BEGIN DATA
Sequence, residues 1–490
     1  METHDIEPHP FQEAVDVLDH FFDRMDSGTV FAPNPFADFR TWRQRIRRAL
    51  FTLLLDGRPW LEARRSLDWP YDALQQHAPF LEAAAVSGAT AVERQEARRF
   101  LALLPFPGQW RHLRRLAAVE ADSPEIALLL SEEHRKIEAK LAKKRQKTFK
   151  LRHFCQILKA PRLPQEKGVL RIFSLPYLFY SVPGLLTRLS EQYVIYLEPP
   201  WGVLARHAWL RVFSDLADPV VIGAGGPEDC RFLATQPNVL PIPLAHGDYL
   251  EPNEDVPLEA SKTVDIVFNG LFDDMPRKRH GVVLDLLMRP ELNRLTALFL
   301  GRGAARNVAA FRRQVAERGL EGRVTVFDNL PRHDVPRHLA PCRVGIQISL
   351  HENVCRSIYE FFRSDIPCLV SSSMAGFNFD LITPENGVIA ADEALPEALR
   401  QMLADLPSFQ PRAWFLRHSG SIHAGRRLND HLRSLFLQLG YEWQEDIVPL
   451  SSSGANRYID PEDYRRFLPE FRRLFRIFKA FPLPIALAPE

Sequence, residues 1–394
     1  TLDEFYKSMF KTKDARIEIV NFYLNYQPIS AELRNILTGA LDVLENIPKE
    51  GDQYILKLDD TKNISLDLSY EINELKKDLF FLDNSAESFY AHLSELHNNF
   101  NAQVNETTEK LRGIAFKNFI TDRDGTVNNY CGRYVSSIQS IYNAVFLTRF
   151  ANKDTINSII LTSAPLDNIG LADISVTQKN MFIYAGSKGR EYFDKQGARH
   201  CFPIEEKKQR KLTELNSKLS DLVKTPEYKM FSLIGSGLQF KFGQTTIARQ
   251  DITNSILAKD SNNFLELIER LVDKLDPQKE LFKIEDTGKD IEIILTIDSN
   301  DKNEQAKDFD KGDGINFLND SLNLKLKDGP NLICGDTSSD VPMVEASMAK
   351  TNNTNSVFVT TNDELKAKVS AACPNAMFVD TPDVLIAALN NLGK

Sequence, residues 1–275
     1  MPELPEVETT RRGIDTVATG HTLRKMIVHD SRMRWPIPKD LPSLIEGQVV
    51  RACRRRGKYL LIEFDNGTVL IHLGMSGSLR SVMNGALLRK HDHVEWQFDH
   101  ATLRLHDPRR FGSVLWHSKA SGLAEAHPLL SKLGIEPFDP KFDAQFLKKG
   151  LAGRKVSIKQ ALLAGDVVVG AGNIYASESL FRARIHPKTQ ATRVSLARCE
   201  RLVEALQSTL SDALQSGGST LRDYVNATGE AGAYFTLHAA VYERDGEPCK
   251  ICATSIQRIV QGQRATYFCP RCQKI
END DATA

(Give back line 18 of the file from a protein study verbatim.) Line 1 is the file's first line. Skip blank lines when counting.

   251  DITNSILAKD SNNFLELIER LVDKLDPQKE LFKIEDTGKD IEIILTIDSN